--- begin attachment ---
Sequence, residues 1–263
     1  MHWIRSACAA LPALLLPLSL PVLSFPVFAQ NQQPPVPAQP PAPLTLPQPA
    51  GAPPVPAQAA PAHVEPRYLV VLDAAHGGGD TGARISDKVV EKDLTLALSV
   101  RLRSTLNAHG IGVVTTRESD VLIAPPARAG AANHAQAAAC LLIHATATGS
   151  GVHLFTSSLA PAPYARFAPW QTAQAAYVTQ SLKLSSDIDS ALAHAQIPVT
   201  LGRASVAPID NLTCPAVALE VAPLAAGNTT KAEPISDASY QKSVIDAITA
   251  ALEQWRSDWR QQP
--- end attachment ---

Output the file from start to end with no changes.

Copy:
Sequence, residues 1–263
     1  MHWIRSACAA LPALLLPLSL PVLSFPVFAQ NQQPPVPAQP PAPLTLPQPA
    51  GAPPVPAQAA PAHVEPRYLV VLDAAHGGGD TGARISDKVV EKDLTLALSV
   101  RLRSTLNAHG IGVVTTRESD VLIAPPARAG AANHAQAAAC LLIHATATGS
   151  GVHLFTSSLA PAPYARFAPW QTAQAAYVTQ SLKLSSDIDS ALAHAQIPVT
   201  LGRASVAPID NLTCPAVALE VAPLAAGNTT KAEPISDASY QKSVIDAITA
   251  ALEQWRSDWR QQP